Originally posted by Ultimaximus
wow, this is amazing! The ceiling generator will definately have a place in all the levels of my hack, and the status bar editor will be extremely useful, and essentially obsoletes Smallhacker's! I must ask, can it move the score counter?
1. I didn't include functionality to change any of the tiles editable by smallhacker's tool. I figure the GUI interface of that tool > tables of hex in my patch
2. The advanced version already moves the score counter to a new RAM address. Moving it exactly where you want on the bar itself isn't exactly easy, though.
WARNING: Wall of text and ASM incoming.
CODE_008ED7: LDX #$28
CODE_008ED9: LDY #$00
CODE_008EDB: JSR CODE_009012 ; go to very important subroutine
CODE_008EDE: LDX #$00 ; \
CODE_008EE0: LDA !RAM_BAR+238,X ; |
CODE_008EE3: BNE CODE_008EEF ; |
CODE_008EE5: LDA #$FC ; |Replace all leading zeroes in the score with spaces
CODE_008EE7: STA !RAM_BAR+238,X ; |
CODE_008EEA: INX ; |
CODE_008EEB: CPX #$0C ; |
CODE_008EED: BNE CODE_008EE0 ; |
CODE_008F05: LDX #$28
CODE_008F07: LDY #$00
CODE_008F09: JSR CODE_009012 ; go to very important subroutine
CODE_008F0C: LDX #$00 ; \
CODE_008F0E: LDA !RAM_BAR+238,X ; |
CODE_008F11: BNE CODE_008F1D ; |
CODE_008F13: LDA #$FC ; |Replace all leading zeroes in the score with spaces
CODE_008F15: STA !RAM_BAR+238,X ; |
CODE_008F18: INX ; |
CODE_008F19: CPX #$0C ; |
CODE_009012: SEP #$20 ; 8 bit A ; Accum (8 bit)
CODE_009014: STA !RAM_BAR+198,X
CODE_009017: REP #$20 ; 16 bit A ; Accum (16 bit)
CODE_009019: LDA $02
CODE_00901C: SBC DATA_008FFC,Y
CODE_00901F: STA $06
CODE_009021: LDA $00
CODE_009023: SBC DATA_008FFA,Y
CODE_009026: STA $04
CODE_009028: BCC CODE_009039
CODE_00902A: LDA $06
CODE_00902C: STA $02
CODE_00902E: LDA $04
CODE_009030: STA $00
CODE_009032: SEP #$20 ; 8 bit A ; Accum (8 bit)
CODE_009034: LDA !RAM_BAR+198,X
CODE_009037: BRA CODE_009017
Quite obviously, I just copy/pasted the routine and made the needed edits. So, you could follow this advice and apply these changes as hex edits instead of modifying my patch if you don't want to use it (but then you'd still be limited to the original 55 tiles).
Anyway, for whatever reason, Nintendo decided to always upload Mario's score and overwrite it if Luigi was playing. You'll have to make some edits twice to not screw up the score counter majorly if playing as luigi.
Before you make any changes, you must know that my table is interleaved. That means each tile takes up two bytes in ram; 1 for the tile number, 1 for the properties. Any tile changes MUST be done to even numbered addresses.
For what you should actually do:
- LDX #$28 before the subroutine call helps determine the starting offset.
- The 3 !RAM_BAR+198,x in the subroutine are actually where it is drawn on the status bar.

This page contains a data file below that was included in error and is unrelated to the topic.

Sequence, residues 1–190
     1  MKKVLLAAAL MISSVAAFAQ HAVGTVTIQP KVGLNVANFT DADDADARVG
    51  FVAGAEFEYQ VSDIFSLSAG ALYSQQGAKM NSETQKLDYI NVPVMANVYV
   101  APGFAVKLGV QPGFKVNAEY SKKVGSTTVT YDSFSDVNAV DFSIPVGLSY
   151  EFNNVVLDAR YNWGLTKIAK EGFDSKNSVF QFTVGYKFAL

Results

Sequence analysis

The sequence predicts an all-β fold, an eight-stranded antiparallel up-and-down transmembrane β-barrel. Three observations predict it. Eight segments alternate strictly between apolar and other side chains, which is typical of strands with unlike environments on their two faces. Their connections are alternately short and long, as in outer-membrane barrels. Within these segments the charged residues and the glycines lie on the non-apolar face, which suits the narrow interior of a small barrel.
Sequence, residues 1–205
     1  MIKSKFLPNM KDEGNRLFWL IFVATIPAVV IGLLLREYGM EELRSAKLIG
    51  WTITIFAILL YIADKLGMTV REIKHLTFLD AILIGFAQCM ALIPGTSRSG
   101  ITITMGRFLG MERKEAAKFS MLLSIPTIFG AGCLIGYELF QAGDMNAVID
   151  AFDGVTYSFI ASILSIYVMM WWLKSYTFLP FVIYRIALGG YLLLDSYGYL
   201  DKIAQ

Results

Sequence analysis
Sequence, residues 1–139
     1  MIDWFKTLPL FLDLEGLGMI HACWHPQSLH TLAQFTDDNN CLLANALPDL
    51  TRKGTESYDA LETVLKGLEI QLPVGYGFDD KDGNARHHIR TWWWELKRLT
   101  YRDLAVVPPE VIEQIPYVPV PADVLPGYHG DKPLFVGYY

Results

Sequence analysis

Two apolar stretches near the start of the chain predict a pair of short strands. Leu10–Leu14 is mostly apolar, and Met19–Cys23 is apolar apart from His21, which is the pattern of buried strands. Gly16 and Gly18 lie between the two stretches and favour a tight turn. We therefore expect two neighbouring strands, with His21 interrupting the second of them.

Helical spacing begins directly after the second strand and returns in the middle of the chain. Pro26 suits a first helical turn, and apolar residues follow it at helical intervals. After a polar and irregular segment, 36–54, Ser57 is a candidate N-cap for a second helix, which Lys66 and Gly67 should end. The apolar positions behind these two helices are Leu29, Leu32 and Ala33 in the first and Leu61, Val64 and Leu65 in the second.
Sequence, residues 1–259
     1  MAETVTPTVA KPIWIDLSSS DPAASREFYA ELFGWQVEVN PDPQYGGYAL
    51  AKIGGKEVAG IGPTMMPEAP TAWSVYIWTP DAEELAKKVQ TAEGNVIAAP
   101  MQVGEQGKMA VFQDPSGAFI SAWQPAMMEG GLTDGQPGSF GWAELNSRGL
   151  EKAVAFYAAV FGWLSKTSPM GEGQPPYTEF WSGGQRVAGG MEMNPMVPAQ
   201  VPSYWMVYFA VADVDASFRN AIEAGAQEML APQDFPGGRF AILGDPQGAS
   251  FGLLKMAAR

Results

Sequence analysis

- Don't ask me why Nintendo didn't do LDX #$00 and !RAM_BAR+238,x (or rather their original equivalents) instead of this silliness.
- If you wanted it at, say, the top middle-ish of the screen, you'd use LDX #$00 and !RAM_BAR+32,x within the subroutine. (Remember you have to change the LDX before Luigi's score is written as well) Just after the subroutine call, you would also have to change the !RAM_BAR+238,x parts to !RAM_BAR+32,x. (Again you have to change Luigi's as well as Mario's)
- The !RAM_BAR's would be exchanged with the original RAM addresses if you're modifying the original code instead of my patch. Also, most of the x offset numbers are doubled (LDX #$28 was LDX #$14 in the original code). Fundamentally they're the same, so you should have no issues.
Things of note:
xkas, for some stupid reason, uses decimal numbers for !ADDRESS+number. This can get confusing, especially here, because x is a hex number (x28), and +198 is a decimal number. I spent 5 mins looking at my spreadsheet included with the patch wondering why it pointed to the center of the item box (number 226) instead of where the score counter is (number 238).
....All that was probably really confusing. To help alleviate some confusion as to where tiles are in the table, I included a spreadsheet with the patch that shows the hex, decimal, and original RAM offset (where applicable) of all tiles. If you don't know where the hell $0F15 (or whatever) is now, you can just open it up and see that the equivalent hex offset is x126, so the new address would be $7FA0126 (if you use the default free RAM assigned in the patch).
Still I suspect most people will be confused by the interleaving and sheer number of RAM they'd be working with (320 addresses). Once you wrap your head around it though, it makes a lot more sense than Nintendo's table simply because it doesn't skip any tiles.